Who stands to benefit from this research and how?
Reducing anxiety, improving grades
The researchers aim to improve the lives of children who are suffering from anxiety, who are prone to underachieve academically at school. They are investigating the benefits of a fun training programme, which is designed to boost children’s working memory. They hope the programme will both reduce children’s anxiety levels and improve their academic performance at school.
The researchers suggest that the training programme could be practical and workable. If shown to be effective, it could be used alone or along with existing treatments, such as stress management techniques. It could be implemented by a range of professionals who work in schools – including teachers and educational psychologists.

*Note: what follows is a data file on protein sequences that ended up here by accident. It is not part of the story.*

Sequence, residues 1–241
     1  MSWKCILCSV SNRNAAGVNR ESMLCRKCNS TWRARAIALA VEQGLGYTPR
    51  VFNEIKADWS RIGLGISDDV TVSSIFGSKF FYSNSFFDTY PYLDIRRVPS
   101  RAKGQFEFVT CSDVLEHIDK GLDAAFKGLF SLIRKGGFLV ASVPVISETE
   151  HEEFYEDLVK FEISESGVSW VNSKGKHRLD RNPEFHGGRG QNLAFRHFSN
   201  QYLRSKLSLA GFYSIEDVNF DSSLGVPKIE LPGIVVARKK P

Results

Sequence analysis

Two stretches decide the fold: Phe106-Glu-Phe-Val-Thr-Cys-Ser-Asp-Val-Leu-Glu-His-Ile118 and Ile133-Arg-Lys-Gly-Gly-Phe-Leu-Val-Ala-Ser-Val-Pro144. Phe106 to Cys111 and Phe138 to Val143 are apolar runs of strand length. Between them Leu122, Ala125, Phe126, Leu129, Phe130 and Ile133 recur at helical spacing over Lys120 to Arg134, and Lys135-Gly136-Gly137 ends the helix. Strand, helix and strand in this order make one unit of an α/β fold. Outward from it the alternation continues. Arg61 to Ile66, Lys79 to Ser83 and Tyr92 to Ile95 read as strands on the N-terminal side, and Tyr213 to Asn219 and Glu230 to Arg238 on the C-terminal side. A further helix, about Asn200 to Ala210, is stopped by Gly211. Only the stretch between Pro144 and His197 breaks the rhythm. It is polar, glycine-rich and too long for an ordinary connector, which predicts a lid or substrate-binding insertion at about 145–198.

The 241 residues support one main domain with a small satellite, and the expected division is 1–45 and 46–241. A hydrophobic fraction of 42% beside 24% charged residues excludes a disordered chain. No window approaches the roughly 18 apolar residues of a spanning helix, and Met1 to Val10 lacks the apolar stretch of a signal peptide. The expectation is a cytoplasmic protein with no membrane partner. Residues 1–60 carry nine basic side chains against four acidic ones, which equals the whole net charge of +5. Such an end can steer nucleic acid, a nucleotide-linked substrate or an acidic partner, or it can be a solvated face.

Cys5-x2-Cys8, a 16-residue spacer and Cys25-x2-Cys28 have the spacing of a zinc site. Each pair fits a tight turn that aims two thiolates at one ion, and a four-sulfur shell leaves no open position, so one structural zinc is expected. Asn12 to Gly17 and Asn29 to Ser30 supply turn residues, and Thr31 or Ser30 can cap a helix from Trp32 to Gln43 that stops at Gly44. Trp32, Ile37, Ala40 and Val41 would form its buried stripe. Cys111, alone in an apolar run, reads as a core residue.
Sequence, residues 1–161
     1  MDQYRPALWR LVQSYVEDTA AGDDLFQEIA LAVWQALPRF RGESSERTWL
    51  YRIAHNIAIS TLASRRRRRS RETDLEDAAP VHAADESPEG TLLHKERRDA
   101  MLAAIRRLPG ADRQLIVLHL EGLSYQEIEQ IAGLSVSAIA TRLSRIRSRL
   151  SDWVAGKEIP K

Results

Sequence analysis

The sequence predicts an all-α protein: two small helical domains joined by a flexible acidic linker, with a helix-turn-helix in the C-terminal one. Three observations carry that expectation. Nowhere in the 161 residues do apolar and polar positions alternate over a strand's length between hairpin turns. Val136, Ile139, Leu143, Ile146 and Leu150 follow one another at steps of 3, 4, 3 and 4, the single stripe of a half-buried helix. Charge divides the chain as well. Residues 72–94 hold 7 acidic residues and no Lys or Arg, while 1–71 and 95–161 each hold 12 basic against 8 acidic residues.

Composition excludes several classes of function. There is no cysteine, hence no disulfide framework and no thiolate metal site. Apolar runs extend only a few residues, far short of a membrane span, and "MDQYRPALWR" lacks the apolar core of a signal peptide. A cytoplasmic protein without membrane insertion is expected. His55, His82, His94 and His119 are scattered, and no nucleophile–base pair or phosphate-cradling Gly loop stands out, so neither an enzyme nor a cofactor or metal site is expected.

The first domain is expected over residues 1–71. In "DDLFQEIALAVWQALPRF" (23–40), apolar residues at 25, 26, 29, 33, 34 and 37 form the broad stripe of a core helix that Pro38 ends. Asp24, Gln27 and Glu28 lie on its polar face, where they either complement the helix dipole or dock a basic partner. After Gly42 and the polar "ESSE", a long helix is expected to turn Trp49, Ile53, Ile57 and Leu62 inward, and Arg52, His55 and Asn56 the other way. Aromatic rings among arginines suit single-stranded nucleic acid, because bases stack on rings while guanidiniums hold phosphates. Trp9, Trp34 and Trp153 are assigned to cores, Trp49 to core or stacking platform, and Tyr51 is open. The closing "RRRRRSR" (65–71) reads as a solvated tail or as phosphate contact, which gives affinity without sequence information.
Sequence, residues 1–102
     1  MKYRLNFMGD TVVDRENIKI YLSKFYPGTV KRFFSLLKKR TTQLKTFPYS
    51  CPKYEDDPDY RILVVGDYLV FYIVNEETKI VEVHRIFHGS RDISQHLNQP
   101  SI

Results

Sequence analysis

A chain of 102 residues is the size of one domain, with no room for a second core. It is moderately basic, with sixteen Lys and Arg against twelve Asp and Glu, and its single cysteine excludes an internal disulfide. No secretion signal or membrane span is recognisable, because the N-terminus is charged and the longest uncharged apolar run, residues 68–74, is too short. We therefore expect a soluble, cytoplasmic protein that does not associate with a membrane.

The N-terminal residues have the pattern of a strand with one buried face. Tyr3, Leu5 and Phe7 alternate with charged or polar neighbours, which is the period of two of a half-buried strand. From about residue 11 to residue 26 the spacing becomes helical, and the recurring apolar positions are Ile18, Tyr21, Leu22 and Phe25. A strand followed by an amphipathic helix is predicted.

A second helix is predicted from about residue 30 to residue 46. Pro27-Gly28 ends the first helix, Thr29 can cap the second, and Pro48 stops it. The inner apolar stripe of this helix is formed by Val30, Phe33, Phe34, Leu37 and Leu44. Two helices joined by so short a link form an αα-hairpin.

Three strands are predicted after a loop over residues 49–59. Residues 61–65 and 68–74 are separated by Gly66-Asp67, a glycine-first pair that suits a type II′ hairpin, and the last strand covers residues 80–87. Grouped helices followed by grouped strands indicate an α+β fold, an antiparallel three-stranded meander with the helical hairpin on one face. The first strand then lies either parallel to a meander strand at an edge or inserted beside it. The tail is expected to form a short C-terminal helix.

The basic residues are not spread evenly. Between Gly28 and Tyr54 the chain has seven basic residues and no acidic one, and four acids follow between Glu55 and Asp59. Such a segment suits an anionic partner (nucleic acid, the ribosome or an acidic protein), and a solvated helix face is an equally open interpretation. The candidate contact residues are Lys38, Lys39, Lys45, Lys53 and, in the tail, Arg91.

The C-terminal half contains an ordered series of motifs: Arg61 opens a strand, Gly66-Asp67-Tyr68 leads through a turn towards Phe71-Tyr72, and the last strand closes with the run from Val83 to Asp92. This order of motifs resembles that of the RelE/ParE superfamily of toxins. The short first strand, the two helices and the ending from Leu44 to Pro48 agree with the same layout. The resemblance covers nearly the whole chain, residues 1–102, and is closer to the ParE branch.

Benefits of a successful new treatment could be broad ranging and long lasting. Studies suggest anxiety may start even in very young children, who have not yet started school, and can continue into adulthood.3
Anxious children are not only at risk of academic underachievement, they can also experience other problems, such as difficulties with relationships, loneliness and shyness, for example. They are also at risk of developing depression and other health problems. Children have much to gain from improved treatment.
- Rapee RM, Schniering CA & Hudson JL. Anxiety disorders during childhood and adolescence: origins and treatment. Annual Review of Clinical Psychology 2009; 5: 311-341.
- Egger HL & Angold A. Common emotional and behavioural disorders in preschool children: presentation, nosology and epidemiology. Journal of Child Psychology and Psychiatry 2006; 47: 313-337